Using Jekyll on GitHub Pages (again)

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Updated 2019-09-29: Now I'm using GitHub Actions instead of Zapier to clear CloudFlare's cache.

In my previous post on this subject, I outlined a very complicated way of setting up a Jekyll blog on GitHub Pages. When I came back to the blog after a long hiatus I had no idea how anything worked and didn't feel like all the moving parts are good value any more, so I threw it all out and started again. I copied the posts and assets into a fresh Minimal Mistakes setup and tweaked it a bit – no more Grunt, BrowserSync, cache busting, custom deployment, or Travis. I'm using Minimal Mistakes as a remote theme rather than a gem theme now, which means it works with the GitHub Pages build process.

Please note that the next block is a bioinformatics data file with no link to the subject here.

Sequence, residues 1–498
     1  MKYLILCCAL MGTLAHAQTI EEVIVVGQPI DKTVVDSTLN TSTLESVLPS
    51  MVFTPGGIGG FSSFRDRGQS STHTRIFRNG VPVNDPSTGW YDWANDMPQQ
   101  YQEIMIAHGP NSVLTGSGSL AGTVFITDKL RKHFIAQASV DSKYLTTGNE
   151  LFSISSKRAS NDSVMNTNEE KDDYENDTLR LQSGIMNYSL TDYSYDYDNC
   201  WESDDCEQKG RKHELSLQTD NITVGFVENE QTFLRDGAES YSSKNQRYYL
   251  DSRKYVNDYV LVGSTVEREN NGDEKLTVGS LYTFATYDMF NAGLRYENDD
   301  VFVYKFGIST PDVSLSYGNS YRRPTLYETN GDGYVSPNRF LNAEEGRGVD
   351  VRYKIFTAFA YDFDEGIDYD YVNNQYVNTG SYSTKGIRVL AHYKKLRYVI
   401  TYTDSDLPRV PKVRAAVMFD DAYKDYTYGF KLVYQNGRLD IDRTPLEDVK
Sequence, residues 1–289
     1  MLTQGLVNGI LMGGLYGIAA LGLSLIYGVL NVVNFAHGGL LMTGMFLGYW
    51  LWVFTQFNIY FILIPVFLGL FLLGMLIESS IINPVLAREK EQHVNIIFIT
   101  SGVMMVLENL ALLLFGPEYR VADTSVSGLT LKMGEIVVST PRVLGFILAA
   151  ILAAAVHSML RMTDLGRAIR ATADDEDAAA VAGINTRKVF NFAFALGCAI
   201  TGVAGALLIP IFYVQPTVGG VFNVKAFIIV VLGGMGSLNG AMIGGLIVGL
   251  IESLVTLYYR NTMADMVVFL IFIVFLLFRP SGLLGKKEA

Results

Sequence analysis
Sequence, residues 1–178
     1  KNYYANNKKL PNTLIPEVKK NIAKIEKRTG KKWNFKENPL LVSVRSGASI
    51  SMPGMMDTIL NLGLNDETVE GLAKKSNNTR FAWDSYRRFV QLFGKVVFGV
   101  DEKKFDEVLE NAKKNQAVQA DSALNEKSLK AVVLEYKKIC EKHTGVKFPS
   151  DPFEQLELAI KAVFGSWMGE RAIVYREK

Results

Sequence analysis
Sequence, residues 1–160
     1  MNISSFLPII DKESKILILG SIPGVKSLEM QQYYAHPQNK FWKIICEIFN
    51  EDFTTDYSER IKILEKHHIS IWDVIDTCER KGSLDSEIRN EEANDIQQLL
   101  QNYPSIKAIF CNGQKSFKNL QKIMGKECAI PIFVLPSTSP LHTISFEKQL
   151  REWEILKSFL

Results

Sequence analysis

I'm still using CloudFlare for SSL termination (and the speed boost), so I followed Dylan Wolff's instructions to use Zapier to clear CloudFlare's cache each time the GitHub Pages build finishes. Note that since my last post, GitHub Pages has added support for HTTPS on custom domains, so it's now possible to use CloudFlare's "Full (strict)" SSL setting and prevent MITM attacks. Since I don't have cache busting, I have the browser cache TTL set to 30 minutes for everything now.

The only other point of interest is that in order to keep the source for this blog public while keeping my drafts private, I have a private fork of the repo in which I store the drafts and test layout changes. To release a change I checkout the changed files into the master branch, push it upstream, then rebase the draft branch back on top.